As I understand it, this would be played by crossing your right hand over your left and playing the lower notes with your right hand.
In general, I think the hand that moves will be on top of the 'anchor' hand (the one that remains in position).
It must be a shorthand way of writing what's in the previous bar: instead of writing all three triplets out, he's written one, with the '3' over it, saying it gets played thrice. As each chord needs to be staccato, he's put three dots over it, to signify each staccato.
As Laurence Payne's comment says, you've encountered one form of musical shorthand. There are a few layers of shorthand here so I'll break it down for you.
Stripping the first of the first measure of the second line of any shorthand markings, we have just a dotted eighth note.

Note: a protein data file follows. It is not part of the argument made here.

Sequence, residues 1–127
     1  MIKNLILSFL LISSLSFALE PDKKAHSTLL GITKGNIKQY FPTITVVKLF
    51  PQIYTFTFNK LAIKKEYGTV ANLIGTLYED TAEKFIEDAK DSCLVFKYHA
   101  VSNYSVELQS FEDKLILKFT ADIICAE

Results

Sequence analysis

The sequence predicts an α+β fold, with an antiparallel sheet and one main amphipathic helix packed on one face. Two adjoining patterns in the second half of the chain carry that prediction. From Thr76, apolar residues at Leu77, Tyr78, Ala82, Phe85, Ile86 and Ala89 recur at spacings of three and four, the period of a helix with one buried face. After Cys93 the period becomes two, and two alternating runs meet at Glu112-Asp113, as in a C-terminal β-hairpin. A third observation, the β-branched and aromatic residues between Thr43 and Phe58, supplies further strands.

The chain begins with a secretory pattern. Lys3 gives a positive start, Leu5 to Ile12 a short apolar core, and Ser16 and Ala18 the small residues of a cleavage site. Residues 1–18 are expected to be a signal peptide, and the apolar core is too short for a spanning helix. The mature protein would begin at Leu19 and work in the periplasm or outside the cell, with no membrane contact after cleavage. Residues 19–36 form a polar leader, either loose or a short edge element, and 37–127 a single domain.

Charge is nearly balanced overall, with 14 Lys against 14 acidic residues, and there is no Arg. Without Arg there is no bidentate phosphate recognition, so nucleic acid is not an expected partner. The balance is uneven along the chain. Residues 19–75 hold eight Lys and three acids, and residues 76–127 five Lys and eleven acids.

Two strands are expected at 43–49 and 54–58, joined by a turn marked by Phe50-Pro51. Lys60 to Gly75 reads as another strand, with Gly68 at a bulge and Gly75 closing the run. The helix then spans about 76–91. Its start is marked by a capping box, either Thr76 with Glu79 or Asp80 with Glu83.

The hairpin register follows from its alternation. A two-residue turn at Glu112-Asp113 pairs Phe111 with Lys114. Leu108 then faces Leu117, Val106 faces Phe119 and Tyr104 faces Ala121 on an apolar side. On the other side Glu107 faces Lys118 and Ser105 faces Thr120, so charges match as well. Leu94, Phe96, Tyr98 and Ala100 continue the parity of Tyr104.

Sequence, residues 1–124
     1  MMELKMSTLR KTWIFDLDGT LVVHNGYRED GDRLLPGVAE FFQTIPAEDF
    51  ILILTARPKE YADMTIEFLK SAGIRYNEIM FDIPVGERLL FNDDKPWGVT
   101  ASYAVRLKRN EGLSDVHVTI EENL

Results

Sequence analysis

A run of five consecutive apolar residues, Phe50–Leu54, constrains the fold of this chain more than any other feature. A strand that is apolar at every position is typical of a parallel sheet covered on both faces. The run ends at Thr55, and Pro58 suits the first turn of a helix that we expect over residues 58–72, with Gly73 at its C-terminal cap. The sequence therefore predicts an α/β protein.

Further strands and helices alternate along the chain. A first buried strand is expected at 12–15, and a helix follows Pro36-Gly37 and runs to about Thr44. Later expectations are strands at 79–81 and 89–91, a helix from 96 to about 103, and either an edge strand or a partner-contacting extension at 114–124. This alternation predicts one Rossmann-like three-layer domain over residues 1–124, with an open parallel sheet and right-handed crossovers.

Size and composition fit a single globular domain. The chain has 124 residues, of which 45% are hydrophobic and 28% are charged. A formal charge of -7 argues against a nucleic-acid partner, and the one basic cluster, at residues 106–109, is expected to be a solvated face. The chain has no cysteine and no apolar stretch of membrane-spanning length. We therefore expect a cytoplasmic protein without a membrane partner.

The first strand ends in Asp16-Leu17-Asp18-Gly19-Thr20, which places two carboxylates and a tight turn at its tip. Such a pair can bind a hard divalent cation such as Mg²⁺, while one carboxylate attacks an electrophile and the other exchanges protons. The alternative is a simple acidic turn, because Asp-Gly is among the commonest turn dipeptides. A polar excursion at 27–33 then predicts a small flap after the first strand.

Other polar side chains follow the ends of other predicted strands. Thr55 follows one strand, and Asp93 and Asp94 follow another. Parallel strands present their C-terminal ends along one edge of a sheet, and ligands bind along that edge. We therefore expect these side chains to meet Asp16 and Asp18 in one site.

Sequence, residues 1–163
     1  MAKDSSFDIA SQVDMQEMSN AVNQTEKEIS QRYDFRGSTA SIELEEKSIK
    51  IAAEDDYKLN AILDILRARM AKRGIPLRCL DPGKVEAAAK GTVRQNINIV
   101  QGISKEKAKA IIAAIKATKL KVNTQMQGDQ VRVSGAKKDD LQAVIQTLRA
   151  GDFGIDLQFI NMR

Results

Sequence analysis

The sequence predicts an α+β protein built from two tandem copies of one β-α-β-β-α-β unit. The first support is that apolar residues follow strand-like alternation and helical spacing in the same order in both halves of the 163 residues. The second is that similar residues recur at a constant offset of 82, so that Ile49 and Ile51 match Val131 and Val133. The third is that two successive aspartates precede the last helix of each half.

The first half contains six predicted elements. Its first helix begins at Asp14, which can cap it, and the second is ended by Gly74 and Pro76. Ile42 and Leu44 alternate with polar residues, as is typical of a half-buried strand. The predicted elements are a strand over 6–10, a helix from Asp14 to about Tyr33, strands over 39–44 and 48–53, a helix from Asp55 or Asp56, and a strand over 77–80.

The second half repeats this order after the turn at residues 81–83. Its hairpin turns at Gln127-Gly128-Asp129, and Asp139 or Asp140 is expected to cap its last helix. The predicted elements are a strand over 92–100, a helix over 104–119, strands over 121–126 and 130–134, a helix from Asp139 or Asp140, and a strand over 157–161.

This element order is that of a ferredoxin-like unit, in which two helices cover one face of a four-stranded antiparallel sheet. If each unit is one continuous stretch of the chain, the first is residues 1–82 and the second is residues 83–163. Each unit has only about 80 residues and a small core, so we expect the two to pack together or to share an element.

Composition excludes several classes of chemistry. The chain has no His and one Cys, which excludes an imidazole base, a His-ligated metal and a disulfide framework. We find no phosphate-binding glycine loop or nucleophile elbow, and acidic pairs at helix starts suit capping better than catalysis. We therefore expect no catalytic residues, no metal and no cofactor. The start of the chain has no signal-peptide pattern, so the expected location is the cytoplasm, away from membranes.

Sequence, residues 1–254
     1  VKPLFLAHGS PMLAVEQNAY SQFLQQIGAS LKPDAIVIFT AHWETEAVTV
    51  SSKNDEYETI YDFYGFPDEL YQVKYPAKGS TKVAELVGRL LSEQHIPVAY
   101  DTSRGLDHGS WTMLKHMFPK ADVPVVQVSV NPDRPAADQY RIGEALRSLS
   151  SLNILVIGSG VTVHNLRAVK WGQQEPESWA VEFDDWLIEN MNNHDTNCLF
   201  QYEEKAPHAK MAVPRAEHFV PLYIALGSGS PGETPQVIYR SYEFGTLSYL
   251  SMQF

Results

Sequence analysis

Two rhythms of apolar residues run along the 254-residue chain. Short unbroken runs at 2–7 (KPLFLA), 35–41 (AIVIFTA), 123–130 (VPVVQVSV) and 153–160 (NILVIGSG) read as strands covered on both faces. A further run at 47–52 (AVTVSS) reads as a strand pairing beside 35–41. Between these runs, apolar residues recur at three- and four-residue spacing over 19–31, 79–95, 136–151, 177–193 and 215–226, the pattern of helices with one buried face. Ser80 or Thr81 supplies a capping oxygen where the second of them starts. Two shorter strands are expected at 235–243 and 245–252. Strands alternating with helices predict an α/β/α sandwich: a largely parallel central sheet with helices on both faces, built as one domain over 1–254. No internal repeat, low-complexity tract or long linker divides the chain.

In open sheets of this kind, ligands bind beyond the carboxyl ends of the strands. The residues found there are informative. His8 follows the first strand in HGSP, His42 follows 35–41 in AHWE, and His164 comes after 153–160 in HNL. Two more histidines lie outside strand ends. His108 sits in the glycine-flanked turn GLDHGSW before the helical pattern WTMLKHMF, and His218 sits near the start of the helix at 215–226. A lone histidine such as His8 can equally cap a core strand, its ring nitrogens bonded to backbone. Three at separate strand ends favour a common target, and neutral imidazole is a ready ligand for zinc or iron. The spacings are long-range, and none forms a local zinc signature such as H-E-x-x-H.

Now we'll look at that slashy mark across the stem. It just means to subdivide ...
Bela Bartok was an Ethnomusicologist too.. he was known to have collected some gypsy songs, for example:
If you are searching for a book on this subject,
Bela Bartok's Studies in Ethnomusicology seems to be interesting:
That part is in the original (see the last two measures of the fourth page).
The problem could be that you have an arrangement of the piece (i.e., not the original, unabridged version).
Wait, slow down a minute. You mentioned tabs. Are you by any chance playing this on a guitar? If so, the editor might have decided to cut those two bars for their sheer ...
I assume you seek an empirical answer, but here is a philosophical one. I am giving such an answer because I deem giving the kind of answer which I assume you seek as impossible. Below is my argument for why it is impossible.
How can I tell an SUV apart from a van?
What are some of the things that make a truck different from a
Before you evaluate ...